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Passamaquoddy Bay is a large (575 km2) embayment located in southwestern New Brunswick, Canada.

Fig. 1

Fig 1. Passamaquoddy Bay location.

One of its more remarkable features is the multitude of depressions or “pockmarks’ on its floor (Pecore and Fader, 1990). Formative mechanisms may include:
  1. Methane ebullition entraining sediments which are dispersed by local currents;
  2. Seismic activity which resuspends sediment following the discharge of subterranean liquids (including methane);
  3. Meteorite impact;
  4. Glacial erosion and tectonic activity leading to the formation of hill – hole pairs;
  5. Thermogenic gas that accumulates behind a gas hydrate seal and is explosively released as a glacial period ends.
The Passamaquoddy Bay area is seismically active, e.g. the Oak Bay Fault that runs in the Saint Croix estuary (Fader, 1988), and might provide the energy needed for the sudden release of sedimentary gas. As far as we are aware the age of any of the pockmarks has not yet been determined.

Fig. 2

Fig 2. Areas of occurrence of pockmarks, eyed pockmarks and buried pockmarks in Passamaquoddy Bay interpreted from sidescan sonograms, echograms and seismic reflection profiles (Pecore and Fader, 1990).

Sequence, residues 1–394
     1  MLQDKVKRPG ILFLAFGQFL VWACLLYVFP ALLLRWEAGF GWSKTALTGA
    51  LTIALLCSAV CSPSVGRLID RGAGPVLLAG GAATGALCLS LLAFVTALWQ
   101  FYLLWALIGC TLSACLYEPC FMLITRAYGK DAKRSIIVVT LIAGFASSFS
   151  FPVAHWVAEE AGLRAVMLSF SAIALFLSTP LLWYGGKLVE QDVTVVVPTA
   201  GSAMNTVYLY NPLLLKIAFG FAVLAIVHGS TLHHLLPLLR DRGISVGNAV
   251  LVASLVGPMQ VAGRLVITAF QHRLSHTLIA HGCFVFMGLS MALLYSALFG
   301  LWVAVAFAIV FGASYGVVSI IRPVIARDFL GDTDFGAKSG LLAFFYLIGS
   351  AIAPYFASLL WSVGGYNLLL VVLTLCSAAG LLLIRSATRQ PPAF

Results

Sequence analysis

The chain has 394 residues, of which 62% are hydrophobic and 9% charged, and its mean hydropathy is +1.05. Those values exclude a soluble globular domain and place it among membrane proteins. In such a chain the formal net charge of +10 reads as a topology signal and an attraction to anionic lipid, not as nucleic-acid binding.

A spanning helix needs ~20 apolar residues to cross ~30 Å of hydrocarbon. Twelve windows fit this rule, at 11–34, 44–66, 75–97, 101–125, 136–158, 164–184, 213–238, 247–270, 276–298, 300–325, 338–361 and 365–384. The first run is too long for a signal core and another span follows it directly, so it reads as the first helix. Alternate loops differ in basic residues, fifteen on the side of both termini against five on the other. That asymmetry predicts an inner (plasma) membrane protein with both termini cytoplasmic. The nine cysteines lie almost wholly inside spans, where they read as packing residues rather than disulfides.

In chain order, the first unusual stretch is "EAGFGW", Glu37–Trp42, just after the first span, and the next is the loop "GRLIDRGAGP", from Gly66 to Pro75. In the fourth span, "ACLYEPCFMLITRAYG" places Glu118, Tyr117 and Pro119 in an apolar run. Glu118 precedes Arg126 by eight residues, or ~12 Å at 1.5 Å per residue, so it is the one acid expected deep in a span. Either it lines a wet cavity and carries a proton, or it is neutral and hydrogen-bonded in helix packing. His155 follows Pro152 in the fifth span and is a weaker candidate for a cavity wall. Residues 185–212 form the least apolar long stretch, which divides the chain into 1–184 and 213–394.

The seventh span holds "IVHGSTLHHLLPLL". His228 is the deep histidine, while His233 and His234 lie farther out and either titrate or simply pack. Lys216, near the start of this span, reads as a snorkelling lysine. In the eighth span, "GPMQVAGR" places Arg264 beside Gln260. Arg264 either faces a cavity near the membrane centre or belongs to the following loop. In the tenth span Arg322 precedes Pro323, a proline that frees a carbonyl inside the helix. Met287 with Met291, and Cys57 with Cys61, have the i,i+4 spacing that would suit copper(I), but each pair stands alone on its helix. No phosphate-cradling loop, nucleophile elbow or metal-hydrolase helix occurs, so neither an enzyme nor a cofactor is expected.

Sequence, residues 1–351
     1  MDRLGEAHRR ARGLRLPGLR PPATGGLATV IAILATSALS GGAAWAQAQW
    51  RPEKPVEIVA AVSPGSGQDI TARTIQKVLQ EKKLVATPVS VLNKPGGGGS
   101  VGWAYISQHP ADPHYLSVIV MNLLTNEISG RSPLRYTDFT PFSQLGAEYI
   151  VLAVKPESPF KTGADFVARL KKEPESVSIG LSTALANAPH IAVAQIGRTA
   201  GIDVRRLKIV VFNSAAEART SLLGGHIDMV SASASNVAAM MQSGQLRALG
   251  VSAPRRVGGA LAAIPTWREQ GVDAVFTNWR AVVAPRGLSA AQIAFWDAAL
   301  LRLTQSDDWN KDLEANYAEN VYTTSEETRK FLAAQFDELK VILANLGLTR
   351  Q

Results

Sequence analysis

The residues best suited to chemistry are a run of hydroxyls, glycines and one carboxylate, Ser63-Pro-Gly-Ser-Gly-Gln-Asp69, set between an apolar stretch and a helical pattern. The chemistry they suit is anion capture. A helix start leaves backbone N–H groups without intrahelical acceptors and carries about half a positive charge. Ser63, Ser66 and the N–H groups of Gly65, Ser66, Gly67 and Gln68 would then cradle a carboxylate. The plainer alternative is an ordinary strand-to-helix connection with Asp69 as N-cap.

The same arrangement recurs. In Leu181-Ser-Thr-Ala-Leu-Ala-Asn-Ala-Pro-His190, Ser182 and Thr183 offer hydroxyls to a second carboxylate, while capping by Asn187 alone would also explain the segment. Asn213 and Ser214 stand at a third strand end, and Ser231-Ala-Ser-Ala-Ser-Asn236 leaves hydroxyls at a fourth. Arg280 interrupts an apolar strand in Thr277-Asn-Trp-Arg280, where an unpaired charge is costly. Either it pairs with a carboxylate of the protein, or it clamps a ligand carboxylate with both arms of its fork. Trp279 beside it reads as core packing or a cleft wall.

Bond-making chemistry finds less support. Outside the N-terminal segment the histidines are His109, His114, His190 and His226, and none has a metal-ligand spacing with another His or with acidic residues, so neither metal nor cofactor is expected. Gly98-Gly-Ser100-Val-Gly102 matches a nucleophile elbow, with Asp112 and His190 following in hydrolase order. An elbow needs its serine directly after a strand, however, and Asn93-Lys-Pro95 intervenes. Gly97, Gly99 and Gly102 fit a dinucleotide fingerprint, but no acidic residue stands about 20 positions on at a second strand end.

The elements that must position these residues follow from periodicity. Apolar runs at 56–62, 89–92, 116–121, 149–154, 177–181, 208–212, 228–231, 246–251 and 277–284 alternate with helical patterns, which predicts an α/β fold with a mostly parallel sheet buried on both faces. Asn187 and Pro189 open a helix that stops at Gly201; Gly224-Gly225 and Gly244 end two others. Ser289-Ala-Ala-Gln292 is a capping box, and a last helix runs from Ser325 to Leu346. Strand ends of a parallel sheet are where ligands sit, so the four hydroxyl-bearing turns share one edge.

According to Fader (1990) “…pockmarks have been found in many continental shelf environments of the world and their role as foci of intense chemosynthetic activity has attracted considerable attention”. There are estimated to be approximately 11,000 pockmarks in Passamaquoddy Bay covering an area of approximately 87 km2. They occur on Holocene clay, the uppermost unit of the seafloor in two patches separated by a ridge of till-covered bedrock, (Pecore and Fader, 1990). Some are aligned in parallel rows while others occur in clusters and, in some cases, smaller pockmarks occur inside larger ones. Their diameter ranges from 1 to 300 m with an average diameter of 29m and they occur in water depths of 20-40m. While their average depth is 3.5m, the range is substantial, the deepest being at least 50m.

Some of the pockmarks in the southern area of the bay appear to be “eyed” that is, they exhibit a strong acoustic backscatter from the central bottom area even though the depressions do not penetrate entirely through the entire section of Holocene mud in which they form. This acoustic characteristic may be a consequence of acoustic focusing or result from a dense accumulation of benthic organisms or carbonate deposits. A few of the pockmarks, mainly in the southern area of the bay are buried or ancient.

Fig. 3 (High Res).jpg

Fig 3. Grey scale multibeam image of Passamaquoddy Bay pockmark areas.

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